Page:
the 542/20 Golden Melody Hohner is an especially airtight harmonica with a strong, full-bodied sound. The curved ends provide extra holding comfort, and it's ideal for overblowing. Get the one virtuos... Read More
the 542/20 Golden Melody Hohner is an especially airtight harmonica with a strong, full-bodied sound. The curved ends provide extra holding comfort, and it's ideal for overblowing. Get the one virtuoso Howard Levy prefers. Curved cover plates extend the entire length of the harmonica, providing increased resonant capacity. Reeds are set close to the open-framed mouthpiece and respond to the most subtle of commands, making the Golden Melody perfect for overblowing as well as bending.
Reviewed by 8 customers
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One of the reasons I tried one of these harps is it looks like it would be comfortable in hand. The package came....I opened it. It did feel nice. I gave it a blow..... THE 1 HOLE DRAW....DIDN'T! Play with it a bit.... still no 1 draw. OK...Let's jam without it. When I jam, I "keep time" by squeezing the harp between my thumb and index finger. Cheap plastic harps give me a 'crack' or 'snap' each time I do. So does the Golden Melody. I was very disappointed and canceled my back order for another one.
This is probably my favorite diatonic for tooling around on and playing hymns, folk, and old-time - aka "melodies". There's a reason the name is "melody" and not "blues" - this one is really sweet and clean (well tuned) best suited toward folk songs and particularly good for that 50esque "cowboys around the campfire" sound. It's especially sweet in the low keys (G and A) with a sort of lonesome timbre. The tone quality and response is even from bottom-to-top. It's really easy to blow and draw individual pitches with the usual exceptions of draw2 and the far right. It doesn't bend as well as do some of the others; but then, it's not intended for that sort of music. Other than the design elements (plastic), it would be great for period reenactors looking for an appropriate sound for the music of the late 19th and early 20th centuries. All of that said, it'll play blues better than any of the $5 harps out there if you just happen to have one but if you're wanting bluesy classic tone then the Marine Band or MB Crossover will probably make you happier than this one. The slight curve shape is very comfortable in small hands and helps prevent lost mustache hairs as well as looking a bit retro. Plastic comb and screws (as opposed to nails) makes for a sturdy harp that you don't have to worry as much about having out in the rain. The hard plastic case is great for protecting it in the pocket when 'out and about'. All around, top quality for a mid-range price.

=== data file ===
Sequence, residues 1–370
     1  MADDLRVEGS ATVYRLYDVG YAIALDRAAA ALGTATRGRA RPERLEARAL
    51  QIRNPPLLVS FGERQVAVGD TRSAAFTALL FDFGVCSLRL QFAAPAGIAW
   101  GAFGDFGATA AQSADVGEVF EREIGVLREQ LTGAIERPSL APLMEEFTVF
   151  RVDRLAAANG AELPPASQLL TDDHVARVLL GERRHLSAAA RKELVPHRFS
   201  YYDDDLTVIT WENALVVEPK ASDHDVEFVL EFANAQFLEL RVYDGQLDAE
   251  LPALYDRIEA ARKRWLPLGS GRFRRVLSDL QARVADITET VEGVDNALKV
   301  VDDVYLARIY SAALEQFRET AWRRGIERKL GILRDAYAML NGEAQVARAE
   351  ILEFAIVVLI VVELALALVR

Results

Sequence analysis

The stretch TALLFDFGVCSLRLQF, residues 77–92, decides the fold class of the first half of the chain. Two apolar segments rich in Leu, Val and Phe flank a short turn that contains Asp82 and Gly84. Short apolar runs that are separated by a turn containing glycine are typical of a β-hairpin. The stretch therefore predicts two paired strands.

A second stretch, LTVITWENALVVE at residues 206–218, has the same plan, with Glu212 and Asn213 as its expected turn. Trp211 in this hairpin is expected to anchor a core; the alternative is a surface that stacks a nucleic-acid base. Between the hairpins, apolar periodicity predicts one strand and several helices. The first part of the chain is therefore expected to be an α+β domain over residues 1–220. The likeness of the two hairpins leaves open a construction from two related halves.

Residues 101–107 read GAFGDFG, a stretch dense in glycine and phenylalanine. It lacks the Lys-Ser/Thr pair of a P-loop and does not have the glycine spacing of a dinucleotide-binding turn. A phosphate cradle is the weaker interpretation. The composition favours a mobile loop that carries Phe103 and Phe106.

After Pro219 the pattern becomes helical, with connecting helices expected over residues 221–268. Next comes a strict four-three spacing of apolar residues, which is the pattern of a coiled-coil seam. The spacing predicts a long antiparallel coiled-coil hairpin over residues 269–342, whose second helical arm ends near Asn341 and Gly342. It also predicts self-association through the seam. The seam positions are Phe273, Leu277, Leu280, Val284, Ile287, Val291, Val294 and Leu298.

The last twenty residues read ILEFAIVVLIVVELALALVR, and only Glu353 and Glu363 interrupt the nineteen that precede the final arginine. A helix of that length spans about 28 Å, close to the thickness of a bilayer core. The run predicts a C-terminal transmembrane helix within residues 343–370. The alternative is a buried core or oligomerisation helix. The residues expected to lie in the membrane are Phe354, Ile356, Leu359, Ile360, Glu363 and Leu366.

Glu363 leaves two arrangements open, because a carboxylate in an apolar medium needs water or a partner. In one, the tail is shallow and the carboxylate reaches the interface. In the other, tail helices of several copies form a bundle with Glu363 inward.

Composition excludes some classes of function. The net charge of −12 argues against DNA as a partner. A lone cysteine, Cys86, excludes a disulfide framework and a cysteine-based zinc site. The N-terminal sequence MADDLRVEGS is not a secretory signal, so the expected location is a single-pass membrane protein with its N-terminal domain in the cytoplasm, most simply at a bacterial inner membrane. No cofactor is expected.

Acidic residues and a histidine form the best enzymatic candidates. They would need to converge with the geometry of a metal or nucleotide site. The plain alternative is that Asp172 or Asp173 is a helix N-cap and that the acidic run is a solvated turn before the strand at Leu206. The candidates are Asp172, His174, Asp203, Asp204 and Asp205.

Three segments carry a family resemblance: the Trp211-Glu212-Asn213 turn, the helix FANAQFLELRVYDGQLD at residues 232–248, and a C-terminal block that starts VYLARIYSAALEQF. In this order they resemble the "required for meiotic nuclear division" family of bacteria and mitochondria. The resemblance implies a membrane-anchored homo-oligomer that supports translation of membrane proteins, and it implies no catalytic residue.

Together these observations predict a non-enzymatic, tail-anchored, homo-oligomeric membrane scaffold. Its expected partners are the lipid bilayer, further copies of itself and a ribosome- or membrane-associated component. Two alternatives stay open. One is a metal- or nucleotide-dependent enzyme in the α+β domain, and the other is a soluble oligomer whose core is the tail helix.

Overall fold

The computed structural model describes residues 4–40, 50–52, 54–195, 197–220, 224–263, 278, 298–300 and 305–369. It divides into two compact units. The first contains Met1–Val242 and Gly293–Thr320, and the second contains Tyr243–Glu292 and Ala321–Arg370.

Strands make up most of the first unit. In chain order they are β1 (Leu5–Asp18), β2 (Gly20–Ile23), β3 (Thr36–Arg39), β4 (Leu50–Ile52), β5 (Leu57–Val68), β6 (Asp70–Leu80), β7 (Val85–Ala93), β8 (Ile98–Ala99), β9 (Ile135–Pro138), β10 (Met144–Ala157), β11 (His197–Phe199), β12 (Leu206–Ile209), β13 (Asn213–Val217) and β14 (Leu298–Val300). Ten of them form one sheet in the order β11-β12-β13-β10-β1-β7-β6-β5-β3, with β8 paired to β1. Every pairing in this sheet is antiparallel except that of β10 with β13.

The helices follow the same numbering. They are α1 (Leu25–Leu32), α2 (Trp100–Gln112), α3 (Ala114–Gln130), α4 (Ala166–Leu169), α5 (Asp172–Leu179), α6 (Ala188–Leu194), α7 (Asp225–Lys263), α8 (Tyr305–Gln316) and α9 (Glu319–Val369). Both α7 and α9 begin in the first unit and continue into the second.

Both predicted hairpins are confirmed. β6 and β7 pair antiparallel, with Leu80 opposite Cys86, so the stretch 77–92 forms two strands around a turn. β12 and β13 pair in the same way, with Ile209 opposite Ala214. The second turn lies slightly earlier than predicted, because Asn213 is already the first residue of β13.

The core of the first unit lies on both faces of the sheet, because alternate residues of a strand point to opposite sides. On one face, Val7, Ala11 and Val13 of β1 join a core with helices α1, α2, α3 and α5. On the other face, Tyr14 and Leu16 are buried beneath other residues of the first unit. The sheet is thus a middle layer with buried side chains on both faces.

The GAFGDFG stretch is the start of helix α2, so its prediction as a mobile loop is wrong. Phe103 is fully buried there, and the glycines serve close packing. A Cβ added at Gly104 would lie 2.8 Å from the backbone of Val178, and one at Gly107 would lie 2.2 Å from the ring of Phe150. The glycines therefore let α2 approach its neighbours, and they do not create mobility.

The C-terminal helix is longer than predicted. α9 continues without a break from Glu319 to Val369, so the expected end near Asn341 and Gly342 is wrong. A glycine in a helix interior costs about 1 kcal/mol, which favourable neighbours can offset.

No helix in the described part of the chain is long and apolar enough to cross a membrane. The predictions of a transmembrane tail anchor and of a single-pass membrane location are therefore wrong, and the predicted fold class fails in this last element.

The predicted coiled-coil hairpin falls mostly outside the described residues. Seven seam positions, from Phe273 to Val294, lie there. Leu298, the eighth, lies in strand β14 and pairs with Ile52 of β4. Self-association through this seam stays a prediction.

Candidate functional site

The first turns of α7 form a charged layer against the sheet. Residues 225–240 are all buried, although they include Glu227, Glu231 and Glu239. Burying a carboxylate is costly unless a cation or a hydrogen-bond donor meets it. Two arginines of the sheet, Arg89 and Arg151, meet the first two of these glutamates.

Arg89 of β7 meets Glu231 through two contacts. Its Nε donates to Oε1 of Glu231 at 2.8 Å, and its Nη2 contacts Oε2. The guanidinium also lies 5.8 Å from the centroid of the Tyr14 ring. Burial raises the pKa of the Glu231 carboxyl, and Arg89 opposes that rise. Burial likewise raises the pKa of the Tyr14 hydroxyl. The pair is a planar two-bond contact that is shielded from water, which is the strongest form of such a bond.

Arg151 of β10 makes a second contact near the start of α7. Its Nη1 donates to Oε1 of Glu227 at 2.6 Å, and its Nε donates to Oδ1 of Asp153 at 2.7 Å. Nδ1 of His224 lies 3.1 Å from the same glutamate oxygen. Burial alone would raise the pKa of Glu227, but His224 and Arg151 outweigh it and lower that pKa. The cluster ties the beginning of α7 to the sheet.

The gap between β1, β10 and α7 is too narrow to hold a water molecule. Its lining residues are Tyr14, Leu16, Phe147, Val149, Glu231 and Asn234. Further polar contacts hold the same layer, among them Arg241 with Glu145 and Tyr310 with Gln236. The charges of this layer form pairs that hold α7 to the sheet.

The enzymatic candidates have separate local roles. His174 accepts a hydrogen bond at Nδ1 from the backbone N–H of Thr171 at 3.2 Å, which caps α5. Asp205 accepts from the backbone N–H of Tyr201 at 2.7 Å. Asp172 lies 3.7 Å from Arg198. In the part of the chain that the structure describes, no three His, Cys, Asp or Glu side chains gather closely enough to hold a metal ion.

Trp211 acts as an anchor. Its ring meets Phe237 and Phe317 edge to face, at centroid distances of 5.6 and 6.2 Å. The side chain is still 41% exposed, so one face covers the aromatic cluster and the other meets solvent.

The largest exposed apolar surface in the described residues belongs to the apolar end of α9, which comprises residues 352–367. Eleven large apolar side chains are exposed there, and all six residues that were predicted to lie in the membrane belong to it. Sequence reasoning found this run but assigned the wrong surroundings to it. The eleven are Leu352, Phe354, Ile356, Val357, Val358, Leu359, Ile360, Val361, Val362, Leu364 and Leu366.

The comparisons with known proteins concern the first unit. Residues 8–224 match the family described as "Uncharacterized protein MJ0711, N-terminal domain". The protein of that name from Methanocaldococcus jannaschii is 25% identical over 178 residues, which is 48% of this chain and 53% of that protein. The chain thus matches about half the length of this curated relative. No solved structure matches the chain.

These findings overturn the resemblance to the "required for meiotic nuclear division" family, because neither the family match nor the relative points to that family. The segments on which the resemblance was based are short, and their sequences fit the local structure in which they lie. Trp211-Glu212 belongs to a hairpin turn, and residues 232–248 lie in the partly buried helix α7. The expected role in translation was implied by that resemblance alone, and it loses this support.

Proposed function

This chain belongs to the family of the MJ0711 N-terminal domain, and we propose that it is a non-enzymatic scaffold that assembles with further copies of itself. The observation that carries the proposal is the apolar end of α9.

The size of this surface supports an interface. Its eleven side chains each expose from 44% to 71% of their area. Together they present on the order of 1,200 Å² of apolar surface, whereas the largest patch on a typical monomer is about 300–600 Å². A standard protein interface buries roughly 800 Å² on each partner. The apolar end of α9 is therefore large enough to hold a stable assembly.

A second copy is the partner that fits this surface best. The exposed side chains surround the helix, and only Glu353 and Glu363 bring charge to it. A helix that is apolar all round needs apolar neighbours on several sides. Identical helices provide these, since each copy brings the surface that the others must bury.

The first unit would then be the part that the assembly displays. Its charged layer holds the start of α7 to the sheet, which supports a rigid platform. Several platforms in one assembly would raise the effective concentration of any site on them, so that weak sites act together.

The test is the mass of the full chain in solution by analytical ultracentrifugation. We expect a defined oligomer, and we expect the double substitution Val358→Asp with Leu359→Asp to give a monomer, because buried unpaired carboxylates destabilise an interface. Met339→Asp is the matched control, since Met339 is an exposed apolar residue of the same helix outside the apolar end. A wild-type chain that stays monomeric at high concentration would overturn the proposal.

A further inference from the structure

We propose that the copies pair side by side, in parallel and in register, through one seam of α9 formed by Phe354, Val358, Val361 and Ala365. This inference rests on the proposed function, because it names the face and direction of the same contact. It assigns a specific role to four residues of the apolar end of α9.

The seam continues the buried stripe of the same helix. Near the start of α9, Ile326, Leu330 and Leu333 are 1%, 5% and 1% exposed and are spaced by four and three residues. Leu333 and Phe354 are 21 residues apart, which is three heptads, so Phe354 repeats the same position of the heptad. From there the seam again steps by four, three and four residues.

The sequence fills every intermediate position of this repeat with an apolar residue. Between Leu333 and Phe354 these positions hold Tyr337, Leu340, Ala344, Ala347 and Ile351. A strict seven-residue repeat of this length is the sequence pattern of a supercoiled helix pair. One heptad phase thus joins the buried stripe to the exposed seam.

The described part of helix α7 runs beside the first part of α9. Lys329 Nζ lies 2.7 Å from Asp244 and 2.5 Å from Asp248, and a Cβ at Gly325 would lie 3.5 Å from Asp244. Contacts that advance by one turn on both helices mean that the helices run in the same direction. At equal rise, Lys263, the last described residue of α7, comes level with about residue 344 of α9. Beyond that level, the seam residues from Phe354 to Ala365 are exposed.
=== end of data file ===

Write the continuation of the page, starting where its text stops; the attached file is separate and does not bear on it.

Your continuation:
Plays very well, especially the high notes which play considerable easier than other harmonicas I have. I like the rounded shape which fits in the hands nicely. Nice rich tone. However, the two brass ridges that run along the top and bottom of the blow holes have sharp edges (for the full length, and at the ends) that will have to be rounded (by sanding or filing) to keep from cutting my lips. Othewise would have given it 5 stars.
Most harmonicas are "just" (justified) tuned or compromised tuned, meaning that a couple of the notes are slightly out of tune, to make the chords sound better. The Golden Melody is "equal" tuned - tuned the same as a piano - making it better for playing single note melodies. It has a sweet, somewhat bright sound that, combined with the equal tuning, makes it an excellent choice for playing hymns, standards, show tunes and the like.
probably the best harmonica for overblowing so if ob's are important to you, this is the harp for you (these are the only harps i will use) but if you just play blues or folk and don't care to ob, then i would get a marine band because they're more comfortable and i think they have a better sound.
I got a hohner special 20 for christmas last year, and bought a golden melody shortly after. I prefer the golden melody, mostly for comfort and sound. The golden melody is easier to bend, and is great for someone looking for a harp to learn on, and then keep for more advanced stuff. Its true the sound is very clear and light, so its more difficult to get the thick blues licks, but the ease of bending makes up for it. I've been playing for 2 years, and still prefer my Golden Melody over any other harps I own.
The Golden Melody harmonica is a very nice, easy to hold harmonica for either beginning players or experts. The sound is smooth and clean and the harmonica itself is durable. You should note that the harmonica doesn?t fit in holders well so it is difficult to play it while you are playing the guitar. You should also understand that this is too clean for a blues harmonica and it is really hard to get a blues sound from it. Other than that this harmonica is a nice value.
The shape of the Golden Melody doesn't work as well in a harmonica holder, which I use when I play guitar, which is why I switched to the Special 20, but I've had one Golden Melody more than 20 years. It still plays great. Otherwise it's a great harmonica, very comfortable to hold